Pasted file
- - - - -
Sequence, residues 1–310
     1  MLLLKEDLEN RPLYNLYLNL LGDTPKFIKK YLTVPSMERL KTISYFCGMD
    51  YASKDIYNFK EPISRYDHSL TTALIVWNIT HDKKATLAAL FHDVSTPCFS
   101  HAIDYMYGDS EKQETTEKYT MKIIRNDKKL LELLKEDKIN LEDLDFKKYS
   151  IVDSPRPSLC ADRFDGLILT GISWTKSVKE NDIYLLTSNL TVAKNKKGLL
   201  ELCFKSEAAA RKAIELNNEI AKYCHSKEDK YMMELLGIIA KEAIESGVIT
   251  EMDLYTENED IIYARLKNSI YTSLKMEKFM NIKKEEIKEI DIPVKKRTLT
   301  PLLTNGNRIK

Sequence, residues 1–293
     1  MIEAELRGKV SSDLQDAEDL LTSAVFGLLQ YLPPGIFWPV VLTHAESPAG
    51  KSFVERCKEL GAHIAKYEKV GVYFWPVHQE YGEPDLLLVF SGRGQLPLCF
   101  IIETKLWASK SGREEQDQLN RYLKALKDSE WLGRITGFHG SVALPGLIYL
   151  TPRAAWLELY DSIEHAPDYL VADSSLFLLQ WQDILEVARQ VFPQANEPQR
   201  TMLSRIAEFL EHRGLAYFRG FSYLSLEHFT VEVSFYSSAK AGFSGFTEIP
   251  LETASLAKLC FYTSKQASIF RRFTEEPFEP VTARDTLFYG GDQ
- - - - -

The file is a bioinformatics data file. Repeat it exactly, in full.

Sequence, residues 1–310
     1  MLLLKEDLEN RPLYNLYLNL LGDTPKFIKK YLTVPSMERL KTISYFCGMD
    51  YASKDIYNFK EPISRYDHSL TTALIVWNIT HDKKATLAAL FHDVSTPCFS
   101  HAIDYMYGDS EKQETTEKYT MKIIRNDKKL LELLKEDKIN LEDLDFKKYS
   151  IVDSPRPSLC ADRFDGLILT GISWTKSVKE NDIYLLTSNL TVAKNKKGLL
   201  ELCFKSEAAA RKAIELNNEI AKYCHSKEDK YMMELLGIIA KEAIESGVIT
   251  EMDLYTENED IIYARLKNSI YTSLKMEKFM NIKKEEIKEI DIPVKKRTLT
   301  PLLTNGNRIK

Sequence, residues 1–293
     1  MIEAELRGKV SSDLQDAEDL LTSAVFGLLQ YLPPGIFWPV VLTHAESPAG
    51  KSFVERCKEL GAHIAKYEKV GVYFWPVHQE YGEPDLLLVF SGRGQLPLCF
   101  IIETKLWASK SGREEQDQLN RYLKALKDSE WLGRITGFHG SVALPGLIYL
   151  TPRAAWLELY DSIEHAPDYL VADSSLFLLQ WQDILEVARQ VFPQANEPQR
   201  TMLSRIAEFL EHRGLAYFRG FSYLSLEHFT VEVSFYSSAK AGFSGFTEIP
   251  LETASLAKLC FYTSKQASIF RRFTEEPFEP VTARDTLFYG GDQ